Processing lists of inputs

Last updated on 2024-05-02 | Edit this page

Overview

Questions

  • “How do I process multiple files at once?”
  • “How do I combine multiple files together?”

Objectives

  • “Use Snakemake to process all our samples at once”
  • “Make a scalability plot that brings our results together”

We created a rule that can generate a single output file, but we’re not going to create multiple rules for every output file. We want to generate all of the run files with a single rule if we could, well Snakemake can indeed take a list of input files:

PYTHON

rule generate_run_files:
    output: "p_{parallel_proportion}_runs.txt"
    input:  "p_{parallel_proportion}/runs/amdahl_run_2.json", "p_{parallel_proportion}/runs/amdahl_run_6.json"
    shell:
        "echo {input} done > {output}"

That’s great, but we don’t want to have to list all of the files we’re interested in individually. How can we do this?

Defining a list of samples to process


To do this, we can define some lists as Snakemake global variables.

Global variables should be added before the rules in the Snakefile.

PYTHON

# Task sizes we wish to run
NTASK_SIZES = [1, 2, 3, 4, 5]
  • Unlike with variables in shell scripts, we can put spaces around the = sign, but they are not mandatory.
  • The lists of quoted strings are enclosed in square brackets and comma-separated. If you know any Python you’ll recognise this as Python list syntax.
  • A good convention is to use capitalized names for these variables, but this is not mandatory.
  • Although these are referred to as variables, you can’t actually change the values once the workflow is running, so lists defined this way are more like constants.

Using a Snakemake rule to define a batch of outputs


Now let’s update our Snakefile to leverage the new global variable and create a list of files:

PYTHON

rule generate_run_files:
    output: "p_{parallel_proportion}_runs.txt"
    input:  expand("p_{{parallel_proportion}}/runs/amdahl_run_{count}.json", count=NTASK_SIZES)
    shell:
        "echo {input} done > {output}"

The expand(...) function in this rule generates a list of filenames, by taking the first thing in the single parentheses as a template and replacing {count} with all the NTASK_SIZES. Since there are 5 elements in the list, this will yield 5 files we want to make. Note that we had to protect our wildcard in a second set of parentheses so it wouldn’t be interpreted as something that needed to be expanded.

In our current case we still rely on the file name to define the value of the wildcard parallel_proportion so we can’t call the rule directly, we still need to request a specific file:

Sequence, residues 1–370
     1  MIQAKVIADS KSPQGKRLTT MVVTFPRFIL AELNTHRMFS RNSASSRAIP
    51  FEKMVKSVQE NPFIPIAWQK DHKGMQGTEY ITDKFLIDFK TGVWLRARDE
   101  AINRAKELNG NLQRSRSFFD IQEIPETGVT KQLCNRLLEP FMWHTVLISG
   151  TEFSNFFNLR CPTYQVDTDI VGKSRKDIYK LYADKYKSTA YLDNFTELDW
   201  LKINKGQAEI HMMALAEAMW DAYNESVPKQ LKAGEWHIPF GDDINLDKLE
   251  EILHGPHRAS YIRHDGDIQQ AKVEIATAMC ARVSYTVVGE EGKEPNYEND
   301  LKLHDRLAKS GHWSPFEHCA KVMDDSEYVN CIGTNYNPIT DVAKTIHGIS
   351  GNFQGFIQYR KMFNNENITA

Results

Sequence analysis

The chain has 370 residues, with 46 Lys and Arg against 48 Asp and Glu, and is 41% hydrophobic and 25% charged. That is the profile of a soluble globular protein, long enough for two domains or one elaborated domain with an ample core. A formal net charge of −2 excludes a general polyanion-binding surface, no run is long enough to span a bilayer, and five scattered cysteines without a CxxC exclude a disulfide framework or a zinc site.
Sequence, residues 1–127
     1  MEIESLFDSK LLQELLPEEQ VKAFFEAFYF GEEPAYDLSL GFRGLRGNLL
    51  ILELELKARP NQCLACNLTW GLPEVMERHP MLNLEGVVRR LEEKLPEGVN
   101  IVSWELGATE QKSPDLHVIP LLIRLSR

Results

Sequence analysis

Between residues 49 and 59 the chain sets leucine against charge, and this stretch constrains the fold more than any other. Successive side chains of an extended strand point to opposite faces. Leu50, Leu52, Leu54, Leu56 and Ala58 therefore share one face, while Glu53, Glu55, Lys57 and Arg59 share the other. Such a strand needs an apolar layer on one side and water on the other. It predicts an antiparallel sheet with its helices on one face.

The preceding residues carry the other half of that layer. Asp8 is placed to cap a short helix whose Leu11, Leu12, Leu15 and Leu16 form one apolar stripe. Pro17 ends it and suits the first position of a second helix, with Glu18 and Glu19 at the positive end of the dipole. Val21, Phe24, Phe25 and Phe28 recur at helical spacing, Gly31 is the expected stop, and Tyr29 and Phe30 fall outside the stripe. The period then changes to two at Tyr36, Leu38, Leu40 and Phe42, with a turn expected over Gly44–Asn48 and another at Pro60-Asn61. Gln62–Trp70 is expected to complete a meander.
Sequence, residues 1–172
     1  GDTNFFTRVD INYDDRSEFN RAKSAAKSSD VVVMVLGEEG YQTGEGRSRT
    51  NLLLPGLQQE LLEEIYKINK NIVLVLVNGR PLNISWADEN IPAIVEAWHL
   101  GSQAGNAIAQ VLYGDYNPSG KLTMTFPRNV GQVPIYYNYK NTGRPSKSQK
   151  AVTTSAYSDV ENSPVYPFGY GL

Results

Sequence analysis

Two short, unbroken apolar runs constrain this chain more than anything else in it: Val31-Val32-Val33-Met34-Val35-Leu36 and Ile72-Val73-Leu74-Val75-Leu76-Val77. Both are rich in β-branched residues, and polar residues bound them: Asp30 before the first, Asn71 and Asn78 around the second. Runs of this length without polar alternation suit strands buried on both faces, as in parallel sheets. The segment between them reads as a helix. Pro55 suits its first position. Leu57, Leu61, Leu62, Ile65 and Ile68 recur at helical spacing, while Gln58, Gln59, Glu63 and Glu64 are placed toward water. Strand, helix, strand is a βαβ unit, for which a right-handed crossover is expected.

BASH

snakemake --profile cluster_profile/ p_0.999_runs.txt

If you don’t specify a target rule name or any file names on the command line when running Snakemake, the default is to use the first rule in the Snakefile as the target.

Rules as targets

Giving the name of a rule to Snakemake on the command line only works when that rule has no wildcards in the outputs, because Snakemake has no way to know what the desired wildcards might be. You will see the error “Target rules may not contain wildcards.” This can also happen when you don’t supply any explicit targets on the command line at all, and Snakemake tries to runthe first rule defined in the Snakefile.

Rules that combine multiple inputs


Our generate_run_files rule is a rule which takes a list of input files. The length of that list is not fixed by the rule, but can change based on NTASK_SIZES.

In our workflow the final step is to take all the generated files and combine them into a plot. To do that, you may have heard that some people use a python library called matplotlib. It’s beyond the scope of this tutorial to write the python script to create a final plot, so we provide you with the script as part of this lesson. You can download it with

BASH

curl -O https://ocaisa.github.io/hpc-workflows/files/plot_terse_amdahl_results.py

The script plot_terse_amdahl_results.py needs a command line that looks like:

BASH

python plot_terse_amdahl_results.py <output jpeg filename> <1st input file> <2nd input file> ...

Let’s introduce that into our generate_run_files rule:

PYTHON

rule generate_run_files:
    output: "p_{parallel_proportion}_runs.txt"
    input:  expand("p_{{parallel_proportion}}/runs/amdahl_run_{count}.json", count=NTASK_SIZES)
    shell:
        "python plot_terse_amdahl_results.py {output} {input}"

Challenge

This script relies on matplotlib, is it available as an environment module? Add this requirement to our rule.

PYTHON

rule generate_run_files:
    output: "p_{parallel_proportion}_scalability.jpg"
    input:  expand("p_{{parallel_proportion}}/runs/amdahl_run_{count}.json", count=NTASK_SIZES)
    envmodules:
      "matplotlib"
    shell:
        "python plot_terse_amdahl_results.py {output} {input}"

Now we finally get to generate a scaling plot! Run the final Snakemake command:

BASH

snakemake --profile cluster_profile/ p_0.999_scalability.jpg

Challenge

Generate the scalability plot for all values from 1 to 10 cores.

PYTHON

NTASK_SIZES = [1, 2, 3, 4, 5, 6, 7, 8, 9, 10]

Challenge

Rerun the workflow for a p value of 0.8

BASH

snakemake --profile cluster_profile/ p_0.8_scalability.jpg

Bonus round

Create a final rule that can be called directly and generates a scaling plot for 3 different values of p.

Key Points

  • “Use the expand() function to generate lists of filenames you want to combine”
  • “Any {input} to a rule can be a variable-length list”